It’s a common enough thing, the dissertation defense. The seats are packed with students and faculty members, many of whom you haven’t seen in months. The air is crackling with excitement and anticipation. Today is the day that the student—your classmate, your colleague, your friend—becomes a doctor, and everybody knows it.
The head of the student’s dissertation advisory committee stands up, introducing the proceedings and announcing the terms of the defense. Sure, it’s a reminder that you’re technically watching part of an exam, but this bit of formality does nothing to diminish the joyous atmosphere in the room. Then the PI stands up and introduces the student, sometimes with complete sincerity, other times accompanied by embarrassing photos of the student, yet always delivered with an undercurrent of gratitude. You laugh easily, because jokes, even bad ones, are always funnier when spoken in celebration.
And then, finally, the student stands up. They thank their mentor and begin speaking, their voice growing with confidence, first describing their research broadly, comprehensively, then diving deeply into their findings. You stare wordlessly at the presentation, wondering how in the hell you’ll ever produce that much polished, publication-worthy data over the coming months (or years). Then the conclusions, the future directions, the suggestion of experiments that everyone knows the student probably won’t do because, after all, today is transitional. Today is the day they become a doctor.
Then, finally, the acknowledgements. Thank you, they say, to the core facilities and their lab members and their collaborators; and thank you to their mentors and their committee members; and thank you, most of all, to their friends and their family and loved ones. The slides are filled with pictures of smiling, happy faces, some of which you recognize but all of which clearly represent someone special, someone significant, someone irreplaceable.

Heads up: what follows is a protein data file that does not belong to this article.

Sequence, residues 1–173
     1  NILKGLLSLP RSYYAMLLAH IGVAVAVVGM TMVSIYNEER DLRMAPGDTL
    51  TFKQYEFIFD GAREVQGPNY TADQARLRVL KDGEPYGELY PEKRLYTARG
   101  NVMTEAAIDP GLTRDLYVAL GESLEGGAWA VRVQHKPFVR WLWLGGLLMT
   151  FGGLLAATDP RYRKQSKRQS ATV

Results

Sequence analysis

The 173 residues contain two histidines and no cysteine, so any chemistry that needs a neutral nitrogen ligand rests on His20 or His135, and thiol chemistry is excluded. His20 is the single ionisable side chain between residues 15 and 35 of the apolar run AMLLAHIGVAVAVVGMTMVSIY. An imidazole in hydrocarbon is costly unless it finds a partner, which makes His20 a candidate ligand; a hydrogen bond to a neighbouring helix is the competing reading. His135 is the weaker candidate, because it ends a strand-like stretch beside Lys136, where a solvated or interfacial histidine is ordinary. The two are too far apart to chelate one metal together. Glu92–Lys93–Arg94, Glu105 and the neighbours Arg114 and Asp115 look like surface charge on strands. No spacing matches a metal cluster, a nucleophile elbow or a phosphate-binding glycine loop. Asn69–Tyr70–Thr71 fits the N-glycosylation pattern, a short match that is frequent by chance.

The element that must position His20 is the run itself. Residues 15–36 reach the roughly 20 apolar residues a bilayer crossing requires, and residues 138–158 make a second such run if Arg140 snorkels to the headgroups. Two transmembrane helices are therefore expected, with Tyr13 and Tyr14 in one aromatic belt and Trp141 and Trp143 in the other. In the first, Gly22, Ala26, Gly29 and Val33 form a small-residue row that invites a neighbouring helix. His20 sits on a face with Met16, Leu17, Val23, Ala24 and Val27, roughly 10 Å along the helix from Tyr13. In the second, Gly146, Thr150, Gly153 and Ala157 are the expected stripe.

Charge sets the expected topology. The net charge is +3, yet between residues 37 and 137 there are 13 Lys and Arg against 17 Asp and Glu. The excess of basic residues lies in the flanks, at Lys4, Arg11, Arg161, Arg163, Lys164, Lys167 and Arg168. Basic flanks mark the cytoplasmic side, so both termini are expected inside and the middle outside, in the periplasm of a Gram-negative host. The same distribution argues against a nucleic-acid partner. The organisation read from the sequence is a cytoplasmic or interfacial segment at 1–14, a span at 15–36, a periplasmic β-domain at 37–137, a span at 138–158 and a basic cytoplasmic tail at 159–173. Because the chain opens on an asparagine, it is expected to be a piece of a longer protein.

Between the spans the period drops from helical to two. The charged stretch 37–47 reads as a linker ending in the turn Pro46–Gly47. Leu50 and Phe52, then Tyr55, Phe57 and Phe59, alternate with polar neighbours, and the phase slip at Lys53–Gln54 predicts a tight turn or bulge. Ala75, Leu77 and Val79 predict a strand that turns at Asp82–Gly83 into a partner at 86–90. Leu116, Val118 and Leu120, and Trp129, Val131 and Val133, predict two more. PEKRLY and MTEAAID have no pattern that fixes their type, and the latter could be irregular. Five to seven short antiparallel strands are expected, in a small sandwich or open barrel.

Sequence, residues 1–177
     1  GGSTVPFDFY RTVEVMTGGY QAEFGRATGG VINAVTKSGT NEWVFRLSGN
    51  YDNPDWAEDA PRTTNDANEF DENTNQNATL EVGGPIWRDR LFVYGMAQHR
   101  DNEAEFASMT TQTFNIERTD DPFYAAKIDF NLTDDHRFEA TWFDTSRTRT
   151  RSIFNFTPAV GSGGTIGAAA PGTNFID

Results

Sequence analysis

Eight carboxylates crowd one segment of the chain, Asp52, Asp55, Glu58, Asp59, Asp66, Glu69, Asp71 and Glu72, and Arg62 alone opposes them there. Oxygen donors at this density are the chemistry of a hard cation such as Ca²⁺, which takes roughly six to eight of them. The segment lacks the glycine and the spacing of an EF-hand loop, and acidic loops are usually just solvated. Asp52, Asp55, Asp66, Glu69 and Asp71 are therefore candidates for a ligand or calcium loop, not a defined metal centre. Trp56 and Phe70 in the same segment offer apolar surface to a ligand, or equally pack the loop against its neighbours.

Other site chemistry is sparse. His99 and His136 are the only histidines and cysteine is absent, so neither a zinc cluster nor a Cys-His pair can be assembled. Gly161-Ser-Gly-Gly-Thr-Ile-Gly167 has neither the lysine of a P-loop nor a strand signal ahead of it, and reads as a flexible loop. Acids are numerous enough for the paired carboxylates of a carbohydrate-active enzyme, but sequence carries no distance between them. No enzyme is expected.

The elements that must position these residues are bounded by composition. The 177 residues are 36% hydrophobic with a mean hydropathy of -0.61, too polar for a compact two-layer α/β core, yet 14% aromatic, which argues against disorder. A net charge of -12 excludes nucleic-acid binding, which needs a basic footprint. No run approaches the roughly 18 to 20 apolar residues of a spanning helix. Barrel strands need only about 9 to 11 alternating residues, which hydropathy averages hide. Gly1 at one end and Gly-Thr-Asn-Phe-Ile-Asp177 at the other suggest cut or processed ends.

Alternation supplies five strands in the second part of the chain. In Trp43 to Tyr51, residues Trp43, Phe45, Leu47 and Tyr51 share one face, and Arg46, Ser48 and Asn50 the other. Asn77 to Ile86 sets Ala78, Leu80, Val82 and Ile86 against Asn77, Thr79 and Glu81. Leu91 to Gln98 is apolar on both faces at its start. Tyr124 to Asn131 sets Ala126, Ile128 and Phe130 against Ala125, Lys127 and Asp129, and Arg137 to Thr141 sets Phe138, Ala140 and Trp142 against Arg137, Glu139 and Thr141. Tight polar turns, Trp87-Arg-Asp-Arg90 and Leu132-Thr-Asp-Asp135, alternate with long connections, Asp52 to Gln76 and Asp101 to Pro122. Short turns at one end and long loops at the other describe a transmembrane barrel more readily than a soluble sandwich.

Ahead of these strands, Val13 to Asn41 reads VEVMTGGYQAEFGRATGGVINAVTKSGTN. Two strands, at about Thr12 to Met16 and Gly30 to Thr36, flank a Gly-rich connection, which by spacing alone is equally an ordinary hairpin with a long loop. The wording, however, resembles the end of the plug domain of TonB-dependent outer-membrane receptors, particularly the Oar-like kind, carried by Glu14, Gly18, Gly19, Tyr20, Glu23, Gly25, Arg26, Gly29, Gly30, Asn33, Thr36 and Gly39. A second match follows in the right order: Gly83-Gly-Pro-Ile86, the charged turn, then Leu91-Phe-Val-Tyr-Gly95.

Sometimes, at this point, the student becomes emotional, fumbling over prepared words while the audience waits patiently, expectantly. The student, and everyone in that room, comes face-to-face with the realization that this moment is the culmination of years of work, of countless successes and failures, and that today, this very day, is the day that the student finally becomes a doctor.
Yes, it’s a common enough thing, the dissertation defense. But to me, the acknowledgements will always be special. They offer a unique, behind-the-scenes glimpse into the student’s personal life, something that’s never publicly shown. For the first time, the dispassionate façade of the scientific presentation crumbles, and we are all witnesses to the complex, red-blooded emotions that accompany this experience of graduate school.
With the acknowledgements, we are shown photos of get-togethers and vacations and late nights spent drinking, all those necessary moments that, in aggregation, shine a spotlight on the actual person behind the research. Because ultimately, the dissertation defense isn’t about celebrating good science but celebrating a good scientist. We formally recognize someone deserving of the title of doctor, someone who will use that doctorate and will, in their own way, following their own path, somehow improve the world.
I’m thankful for any opportunity to humanize my work. At the risk of appearing tautological, I want to formally acknowledge acknowledgements. Someday (hopefully someday soon!), when I’m giving my own dissertation defense, amid the complicated graphs and the embarrassing photos and the overwhelming sense of relief, I’ll be excited to show my appreciation to all those people who have supported me throughout graduate school. Because those are people who, on that day, will have transformed my common enough thing into something truly special.